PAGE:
Many robots are dependent on cameras or other sensors to give them visual cues to find their way around. However, this technology falls short when it comes to guiding robots through dark or crammed spaces.

Now, a Massachusetts Institute of Technology lab has designed a new robot that overcomes these obstacles. The Cheetah 3 robot does not need to “see” where it is going while, say, climbing stairs. A new video (above) from MIT shows the 90-pound robot dodging obstacles without the assistance of cameras, using a technique dubbed “blind locomotion.”

According to a press release, the team that created Cheetah 3 used contact detection algorithms and sensors to enable the robot to locate its own body relative to the space around it. New hardware changes, an upgrade from Cheetah 2, also enable it to stretch and twist.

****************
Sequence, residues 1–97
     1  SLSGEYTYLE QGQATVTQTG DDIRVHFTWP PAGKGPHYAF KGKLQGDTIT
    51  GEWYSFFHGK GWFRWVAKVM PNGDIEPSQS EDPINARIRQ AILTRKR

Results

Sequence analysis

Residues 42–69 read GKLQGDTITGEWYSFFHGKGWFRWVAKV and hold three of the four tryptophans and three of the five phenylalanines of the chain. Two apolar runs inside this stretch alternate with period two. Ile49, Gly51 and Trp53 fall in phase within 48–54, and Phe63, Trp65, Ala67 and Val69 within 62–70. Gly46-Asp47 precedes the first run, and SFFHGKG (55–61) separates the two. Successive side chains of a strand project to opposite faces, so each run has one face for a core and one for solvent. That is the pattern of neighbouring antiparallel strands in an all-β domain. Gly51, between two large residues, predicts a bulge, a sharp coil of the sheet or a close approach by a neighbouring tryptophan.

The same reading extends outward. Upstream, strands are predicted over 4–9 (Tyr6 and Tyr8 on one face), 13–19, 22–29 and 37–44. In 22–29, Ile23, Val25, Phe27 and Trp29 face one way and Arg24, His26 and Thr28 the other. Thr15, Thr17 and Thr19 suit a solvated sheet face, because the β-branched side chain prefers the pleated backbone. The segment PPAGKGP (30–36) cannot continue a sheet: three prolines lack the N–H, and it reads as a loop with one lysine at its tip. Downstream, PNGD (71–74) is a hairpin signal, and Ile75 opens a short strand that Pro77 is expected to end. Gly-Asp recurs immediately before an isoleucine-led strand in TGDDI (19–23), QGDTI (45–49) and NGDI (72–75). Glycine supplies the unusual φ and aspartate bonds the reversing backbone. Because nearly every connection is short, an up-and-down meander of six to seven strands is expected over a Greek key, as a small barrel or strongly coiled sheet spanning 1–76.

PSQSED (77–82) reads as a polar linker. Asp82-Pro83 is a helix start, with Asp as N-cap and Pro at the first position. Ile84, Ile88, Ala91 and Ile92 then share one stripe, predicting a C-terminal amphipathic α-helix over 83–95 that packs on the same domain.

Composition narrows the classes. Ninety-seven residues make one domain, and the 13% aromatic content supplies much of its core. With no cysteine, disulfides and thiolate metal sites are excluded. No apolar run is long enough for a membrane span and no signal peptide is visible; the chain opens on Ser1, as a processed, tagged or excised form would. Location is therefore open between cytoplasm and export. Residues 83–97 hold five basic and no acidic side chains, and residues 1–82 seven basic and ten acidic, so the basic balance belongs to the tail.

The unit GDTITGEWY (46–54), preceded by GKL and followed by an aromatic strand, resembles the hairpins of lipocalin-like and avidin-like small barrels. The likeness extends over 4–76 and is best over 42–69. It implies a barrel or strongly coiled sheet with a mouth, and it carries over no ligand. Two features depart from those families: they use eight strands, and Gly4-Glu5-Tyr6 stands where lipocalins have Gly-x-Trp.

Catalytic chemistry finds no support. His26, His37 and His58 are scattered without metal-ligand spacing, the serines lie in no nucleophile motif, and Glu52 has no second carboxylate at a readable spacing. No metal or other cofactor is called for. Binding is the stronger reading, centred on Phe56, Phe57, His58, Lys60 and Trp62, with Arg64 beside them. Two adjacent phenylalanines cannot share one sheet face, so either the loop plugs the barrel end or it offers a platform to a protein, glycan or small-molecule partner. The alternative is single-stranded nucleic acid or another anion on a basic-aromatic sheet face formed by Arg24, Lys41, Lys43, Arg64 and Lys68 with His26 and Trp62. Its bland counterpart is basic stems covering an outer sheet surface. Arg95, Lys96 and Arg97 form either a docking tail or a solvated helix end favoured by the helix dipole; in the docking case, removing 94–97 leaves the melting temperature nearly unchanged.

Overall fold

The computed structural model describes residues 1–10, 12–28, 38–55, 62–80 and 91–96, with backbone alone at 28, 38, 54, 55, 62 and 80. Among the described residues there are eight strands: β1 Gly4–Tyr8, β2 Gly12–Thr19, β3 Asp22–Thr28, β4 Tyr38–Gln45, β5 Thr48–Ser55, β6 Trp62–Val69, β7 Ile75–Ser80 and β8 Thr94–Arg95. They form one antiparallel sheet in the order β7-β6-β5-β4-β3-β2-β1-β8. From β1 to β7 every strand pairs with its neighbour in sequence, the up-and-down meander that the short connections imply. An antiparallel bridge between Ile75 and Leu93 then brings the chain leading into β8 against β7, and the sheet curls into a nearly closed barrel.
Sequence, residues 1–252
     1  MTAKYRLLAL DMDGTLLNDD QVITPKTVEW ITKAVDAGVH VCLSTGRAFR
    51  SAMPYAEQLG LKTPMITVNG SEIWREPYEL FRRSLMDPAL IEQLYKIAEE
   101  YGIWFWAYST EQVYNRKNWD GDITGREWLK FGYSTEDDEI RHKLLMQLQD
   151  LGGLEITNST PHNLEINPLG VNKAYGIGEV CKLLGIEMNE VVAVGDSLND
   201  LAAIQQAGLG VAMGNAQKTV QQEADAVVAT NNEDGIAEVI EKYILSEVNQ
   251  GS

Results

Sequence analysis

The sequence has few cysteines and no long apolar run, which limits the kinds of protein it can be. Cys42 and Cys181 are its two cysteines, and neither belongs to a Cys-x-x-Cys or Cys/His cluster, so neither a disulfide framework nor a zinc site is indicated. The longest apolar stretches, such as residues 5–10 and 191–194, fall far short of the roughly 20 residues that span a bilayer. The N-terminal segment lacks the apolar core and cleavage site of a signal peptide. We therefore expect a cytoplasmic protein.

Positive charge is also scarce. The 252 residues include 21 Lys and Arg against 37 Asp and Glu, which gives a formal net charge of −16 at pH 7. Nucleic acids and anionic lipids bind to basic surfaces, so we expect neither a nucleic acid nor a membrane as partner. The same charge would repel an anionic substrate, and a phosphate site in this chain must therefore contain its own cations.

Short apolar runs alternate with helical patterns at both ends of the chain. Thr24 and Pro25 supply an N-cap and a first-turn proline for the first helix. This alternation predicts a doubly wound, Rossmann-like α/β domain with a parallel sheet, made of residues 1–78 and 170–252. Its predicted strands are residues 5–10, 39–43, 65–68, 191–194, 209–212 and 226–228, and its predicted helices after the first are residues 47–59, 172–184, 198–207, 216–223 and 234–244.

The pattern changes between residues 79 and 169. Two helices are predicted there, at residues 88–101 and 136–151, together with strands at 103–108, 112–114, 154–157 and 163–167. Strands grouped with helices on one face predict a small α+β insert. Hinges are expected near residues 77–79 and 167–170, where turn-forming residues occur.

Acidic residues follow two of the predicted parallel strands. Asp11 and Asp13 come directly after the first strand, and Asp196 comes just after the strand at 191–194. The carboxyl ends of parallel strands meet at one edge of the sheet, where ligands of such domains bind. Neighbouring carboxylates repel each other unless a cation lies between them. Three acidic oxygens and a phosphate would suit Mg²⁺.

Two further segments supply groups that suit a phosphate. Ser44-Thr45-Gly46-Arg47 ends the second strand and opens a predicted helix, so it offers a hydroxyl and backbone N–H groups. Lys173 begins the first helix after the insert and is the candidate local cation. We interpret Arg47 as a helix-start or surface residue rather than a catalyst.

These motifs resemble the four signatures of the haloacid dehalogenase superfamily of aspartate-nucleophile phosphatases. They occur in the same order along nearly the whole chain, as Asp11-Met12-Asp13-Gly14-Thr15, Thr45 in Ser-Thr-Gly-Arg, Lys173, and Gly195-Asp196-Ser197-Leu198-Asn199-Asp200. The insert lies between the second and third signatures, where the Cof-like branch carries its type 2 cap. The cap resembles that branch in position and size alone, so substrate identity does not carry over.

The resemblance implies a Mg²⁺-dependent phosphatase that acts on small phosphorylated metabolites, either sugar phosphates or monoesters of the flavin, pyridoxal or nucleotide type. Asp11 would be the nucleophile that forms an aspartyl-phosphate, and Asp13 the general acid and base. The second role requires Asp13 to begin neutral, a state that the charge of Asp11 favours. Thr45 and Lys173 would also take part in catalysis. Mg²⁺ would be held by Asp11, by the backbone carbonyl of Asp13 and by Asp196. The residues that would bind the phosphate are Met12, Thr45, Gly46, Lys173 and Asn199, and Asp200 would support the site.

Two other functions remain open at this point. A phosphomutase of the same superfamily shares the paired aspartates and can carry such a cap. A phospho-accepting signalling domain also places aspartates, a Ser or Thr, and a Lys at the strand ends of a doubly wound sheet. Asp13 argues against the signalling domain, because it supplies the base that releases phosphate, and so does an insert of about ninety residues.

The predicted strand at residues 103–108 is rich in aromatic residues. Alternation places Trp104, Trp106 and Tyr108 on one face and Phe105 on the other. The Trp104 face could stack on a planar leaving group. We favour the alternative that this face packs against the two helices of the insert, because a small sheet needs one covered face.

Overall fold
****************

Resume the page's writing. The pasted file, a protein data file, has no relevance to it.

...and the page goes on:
Sangbae Kim, the robot’s designer and an associate professor of mechanical engineering at MIT, stated in the release that the robot would be used to carry out tasks that are dangerous or impossible – because of inaccessibility – for humans. “Cheetah 3 is designed to do versatile tasks such as power plant inspection, which involves various terrain conditions including stairs, curbs, and obstacles on the ground,” Kim said.